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Deep earth drilling may tap energy

BASEL, Switzerland ” When tremors started cracking walls and bathroom tiles in this Swiss city on the Rhine, the engineers knew they had a problem.

“The glass vases on the shelf rattled, and there was a loud bang,” Catherine Wueest, a teashop owner, recalls. “I thought a truck had crashed into the building.”

But the 3.4 magnitude tremor on the evening of Dec. 8 was no ordinary act of nature: It had been accidentally triggered by engineers drilling deep into the Earth’s crust to tap its inner heat and thus break new ground ” literally ” in the world’s search for new sources of energy.

Basel was wrecked by an earthquake in 1365, and no tremor, man-made or other, is to be taken lightly. After more, slightly smaller tremors followed, Basel authorities told Geopower Basel to put its project on hold.

But the power company hasn’t given up. It’s in a race with a firm in Australia to be the first to generate power commercially by boiling water on the rocks three miles underground.

On paper, the Basel project looks fairly straightforward: Drill down, shoot cold water into the shaft and bring it up again superheated and capable of generating enough power through a steam turbine to meet the electricity needs of 10,000 households, and heat 2,700 homes.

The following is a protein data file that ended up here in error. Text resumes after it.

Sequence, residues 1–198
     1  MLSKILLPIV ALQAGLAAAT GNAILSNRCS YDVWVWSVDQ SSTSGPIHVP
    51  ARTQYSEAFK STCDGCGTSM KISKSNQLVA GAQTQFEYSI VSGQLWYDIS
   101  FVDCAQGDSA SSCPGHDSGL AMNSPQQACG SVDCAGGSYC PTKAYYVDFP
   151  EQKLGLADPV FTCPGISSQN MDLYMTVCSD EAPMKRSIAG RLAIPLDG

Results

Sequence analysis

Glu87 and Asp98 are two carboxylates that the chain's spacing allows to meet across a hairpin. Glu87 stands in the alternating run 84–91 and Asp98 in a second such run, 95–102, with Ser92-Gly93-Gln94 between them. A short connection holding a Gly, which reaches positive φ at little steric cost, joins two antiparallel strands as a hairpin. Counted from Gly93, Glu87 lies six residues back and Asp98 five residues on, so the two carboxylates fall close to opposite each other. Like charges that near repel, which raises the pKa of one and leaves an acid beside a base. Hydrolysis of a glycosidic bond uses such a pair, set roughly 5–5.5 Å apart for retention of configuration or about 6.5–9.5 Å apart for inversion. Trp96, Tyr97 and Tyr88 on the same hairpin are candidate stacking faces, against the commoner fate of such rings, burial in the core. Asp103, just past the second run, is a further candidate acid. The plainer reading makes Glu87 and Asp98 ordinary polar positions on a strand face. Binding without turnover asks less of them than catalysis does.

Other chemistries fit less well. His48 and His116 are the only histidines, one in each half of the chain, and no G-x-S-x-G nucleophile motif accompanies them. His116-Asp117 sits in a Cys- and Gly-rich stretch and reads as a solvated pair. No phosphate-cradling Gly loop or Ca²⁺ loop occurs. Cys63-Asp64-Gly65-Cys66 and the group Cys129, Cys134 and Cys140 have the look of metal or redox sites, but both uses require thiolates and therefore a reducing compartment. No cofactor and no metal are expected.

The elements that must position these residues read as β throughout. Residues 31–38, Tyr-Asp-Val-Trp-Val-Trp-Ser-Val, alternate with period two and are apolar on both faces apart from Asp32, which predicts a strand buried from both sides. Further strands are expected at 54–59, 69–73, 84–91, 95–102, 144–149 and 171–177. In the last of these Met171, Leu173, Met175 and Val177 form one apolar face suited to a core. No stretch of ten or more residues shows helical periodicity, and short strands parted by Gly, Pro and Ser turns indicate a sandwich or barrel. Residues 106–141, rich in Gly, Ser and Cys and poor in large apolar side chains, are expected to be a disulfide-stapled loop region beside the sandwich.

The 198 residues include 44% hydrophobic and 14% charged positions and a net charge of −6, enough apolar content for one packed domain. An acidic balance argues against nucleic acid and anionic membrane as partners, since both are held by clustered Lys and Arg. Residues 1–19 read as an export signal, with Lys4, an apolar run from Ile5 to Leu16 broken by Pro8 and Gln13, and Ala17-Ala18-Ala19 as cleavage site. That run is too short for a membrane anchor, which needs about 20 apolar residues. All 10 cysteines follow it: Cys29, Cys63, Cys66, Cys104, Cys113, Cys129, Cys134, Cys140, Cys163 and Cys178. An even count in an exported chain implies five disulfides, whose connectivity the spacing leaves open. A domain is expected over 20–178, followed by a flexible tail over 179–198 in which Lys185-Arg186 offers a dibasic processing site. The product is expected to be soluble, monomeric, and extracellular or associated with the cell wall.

Scientists say this geothermal energy, clean, quiet and virtually inexhaustible, could fill the world’s annual needs 250,000 times over with nearly zero impact on the climate or the environment.

A study released this year by the Massachusetts Institute of Technology said if 40 percent of the heat under the United States could be tapped, it would meet demand 56,000 times over. It said an investment of $800 million to $1 billion could produce more than 100 gigawatts of electricity by 2050, equaling the combined output of all 104 nuclear power plants in the U.S.

“The resource base for geothermal is enormous,” Professor Jefferson Tester, the study’s lead author, said.

But there are drawbacks ” not just earthquakes but cost. A so-called hot rock well three miles deep in the United States would cost $7 million to $8 million, according to the MIT study. The average cost of drilling an oil well in the U.S. in 2004 was $1.44 million, according to the U.S. Energy Information Administration.

Also, rocks tapped by drilling would lose their heat after a few decades and new wells would have to be drilled elsewhere.

Bryan Mignone, an energy and climate-change specialist with the Brookings Institution in Washington, D.C., said alternative sources of energy face stiff price competition.

“Currently in the U.S. new technologies in the power sector are competing against coal, which is very cheap,” he said.

Humans have used heat from the earth for thousands of years. The ancient Romans drew on hot springs for bathing and heating their homes. Geothermal energy is in use in 24 countries, including the U.S.

Backers in the United States hope government funding will increase as oil and gas prices rise. But Steve Chalk, deputy assistant secretary for renewable energy, said the Department of Energy won’t spend more money beyond the $2 million it has already allocated to hot rock technology.

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AP researcher Judith Ausuebel contributed to this report.


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